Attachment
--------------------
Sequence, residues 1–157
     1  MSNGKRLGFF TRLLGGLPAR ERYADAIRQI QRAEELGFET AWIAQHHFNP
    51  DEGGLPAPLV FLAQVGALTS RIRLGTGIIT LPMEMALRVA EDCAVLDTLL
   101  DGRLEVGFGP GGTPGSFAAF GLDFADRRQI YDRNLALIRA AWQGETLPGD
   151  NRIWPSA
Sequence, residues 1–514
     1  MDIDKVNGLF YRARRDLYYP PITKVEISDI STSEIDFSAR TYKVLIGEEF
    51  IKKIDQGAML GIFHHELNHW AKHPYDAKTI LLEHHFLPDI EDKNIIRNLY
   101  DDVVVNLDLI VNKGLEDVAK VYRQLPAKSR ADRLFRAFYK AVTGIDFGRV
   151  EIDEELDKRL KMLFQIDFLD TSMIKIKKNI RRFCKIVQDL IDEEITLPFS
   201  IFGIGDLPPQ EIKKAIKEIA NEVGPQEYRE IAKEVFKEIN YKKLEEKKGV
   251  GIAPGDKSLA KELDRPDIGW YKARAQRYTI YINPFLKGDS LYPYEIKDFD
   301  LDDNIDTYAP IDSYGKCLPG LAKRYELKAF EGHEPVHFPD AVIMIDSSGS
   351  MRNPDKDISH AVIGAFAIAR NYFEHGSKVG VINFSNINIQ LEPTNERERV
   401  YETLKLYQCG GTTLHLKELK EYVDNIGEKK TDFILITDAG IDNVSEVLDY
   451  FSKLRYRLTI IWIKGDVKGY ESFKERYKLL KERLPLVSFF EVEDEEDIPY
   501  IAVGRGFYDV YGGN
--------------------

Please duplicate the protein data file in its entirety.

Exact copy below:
Sequence, residues 1–157
     1  MSNGKRLGFF TRLLGGLPAR ERYADAIRQI QRAEELGFET AWIAQHHFNP
    51  DEGGLPAPLV FLAQVGALTS RIRLGTGIIT LPMEMALRVA EDCAVLDTLL
   101  DGRLEVGFGP GGTPGSFAAF GLDFADRRQI YDRNLALIRA AWQGETLPGD
   151  NRIWPSA
Sequence, residues 1–514
     1  MDIDKVNGLF YRARRDLYYP PITKVEISDI STSEIDFSAR TYKVLIGEEF
    51  IKKIDQGAML GIFHHELNHW AKHPYDAKTI LLEHHFLPDI EDKNIIRNLY
   101  DDVVVNLDLI VNKGLEDVAK VYRQLPAKSR ADRLFRAFYK AVTGIDFGRV
   151  EIDEELDKRL KMLFQIDFLD TSMIKIKKNI RRFCKIVQDL IDEEITLPFS
   201  IFGIGDLPPQ EIKKAIKEIA NEVGPQEYRE IAKEVFKEIN YKKLEEKKGV
   251  GIAPGDKSLA KELDRPDIGW YKARAQRYTI YINPFLKGDS LYPYEIKDFD
   301  LDDNIDTYAP IDSYGKCLPG LAKRYELKAF EGHEPVHFPD AVIMIDSSGS
   351  MRNPDKDISH AVIGAFAIAR NYFEHGSKVG VINFSNINIQ LEPTNERERV
   401  YETLKLYQCG GTTLHLKELK EYVDNIGEKK TDFILITDAG IDNVSEVLDY
   451  FSKLRYRLTI IWIKGDVKGY ESFKERYKLL KERLPLVSFF EVEDEEDIPY
   501  IAVGRGFYDV YGGN